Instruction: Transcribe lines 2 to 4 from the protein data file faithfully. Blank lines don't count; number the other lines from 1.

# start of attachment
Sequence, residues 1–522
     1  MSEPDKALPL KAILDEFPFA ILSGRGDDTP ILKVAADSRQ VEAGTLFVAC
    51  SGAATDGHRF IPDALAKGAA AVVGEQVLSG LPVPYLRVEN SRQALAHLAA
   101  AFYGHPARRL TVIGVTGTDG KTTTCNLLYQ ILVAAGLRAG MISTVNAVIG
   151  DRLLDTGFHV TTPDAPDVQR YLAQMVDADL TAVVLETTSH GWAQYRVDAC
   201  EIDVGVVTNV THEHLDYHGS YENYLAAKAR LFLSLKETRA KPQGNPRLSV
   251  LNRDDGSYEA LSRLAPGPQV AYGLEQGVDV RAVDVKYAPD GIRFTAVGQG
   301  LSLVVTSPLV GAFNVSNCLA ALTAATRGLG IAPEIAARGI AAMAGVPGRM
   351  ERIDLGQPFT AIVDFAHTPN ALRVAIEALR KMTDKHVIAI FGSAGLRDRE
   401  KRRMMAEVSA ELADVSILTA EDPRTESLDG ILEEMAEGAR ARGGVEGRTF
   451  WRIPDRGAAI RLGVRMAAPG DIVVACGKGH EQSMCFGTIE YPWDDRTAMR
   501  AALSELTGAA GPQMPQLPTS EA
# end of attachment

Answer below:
     1  MSEPDKALPL KAILDEFPFA ILSGRGDDTP ILKVAADSRQ VEAGTLFVAC
    51  SGAATDGHRF IPDALAKGAA AVVGEQVLSG LPVPYLRVEN SRQALAHLAA
   101  AFYGHPARRL TVIGVTGTDG KTTTCNLLYQ ILVAAGLRAG MISTVNAVIG